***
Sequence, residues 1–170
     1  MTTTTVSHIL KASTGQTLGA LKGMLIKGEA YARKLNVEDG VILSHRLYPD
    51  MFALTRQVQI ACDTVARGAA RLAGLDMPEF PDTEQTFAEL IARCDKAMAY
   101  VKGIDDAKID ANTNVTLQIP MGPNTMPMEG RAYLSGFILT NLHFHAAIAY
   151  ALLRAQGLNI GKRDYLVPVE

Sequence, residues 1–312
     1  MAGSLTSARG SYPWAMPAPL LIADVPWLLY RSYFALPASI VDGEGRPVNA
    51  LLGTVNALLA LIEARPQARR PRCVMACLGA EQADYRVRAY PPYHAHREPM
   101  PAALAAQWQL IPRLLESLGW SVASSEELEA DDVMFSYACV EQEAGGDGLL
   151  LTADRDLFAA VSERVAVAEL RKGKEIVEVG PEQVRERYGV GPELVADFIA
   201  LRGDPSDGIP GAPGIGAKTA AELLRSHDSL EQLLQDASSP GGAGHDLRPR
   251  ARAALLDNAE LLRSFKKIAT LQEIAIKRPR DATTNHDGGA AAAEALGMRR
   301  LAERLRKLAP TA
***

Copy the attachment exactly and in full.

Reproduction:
Sequence, residues 1–170
     1  MTTTTVSHIL KASTGQTLGA LKGMLIKGEA YARKLNVEDG VILSHRLYPD
    51  MFALTRQVQI ACDTVARGAA RLAGLDMPEF PDTEQTFAEL IARCDKAMAY
   101  VKGIDDAKID ANTNVTLQIP MGPNTMPMEG RAYLSGFILT NLHFHAAIAY
   151  ALLRAQGLNI GKRDYLVPVE

Sequence, residues 1–312
     1  MAGSLTSARG SYPWAMPAPL LIADVPWLLY RSYFALPASI VDGEGRPVNA
    51  LLGTVNALLA LIEARPQARR PRCVMACLGA EQADYRVRAY PPYHAHREPM
   101  PAALAAQWQL IPRLLESLGW SVASSEELEA DDVMFSYACV EQEAGGDGLL
   151  LTADRDLFAA VSERVAVAEL RKGKEIVEVG PEQVRERYGV GPELVADFIA
   201  LRGDPSDGIP GAPGIGAKTA AELLRSHDSL EQLLQDASSP GGAGHDLRPR
   251  ARAALLDNAE LLRSFKKIAT LQEIAIKRPR DATTNHDGGA AAAEALGMRR
   301  LAERLRKLAP TA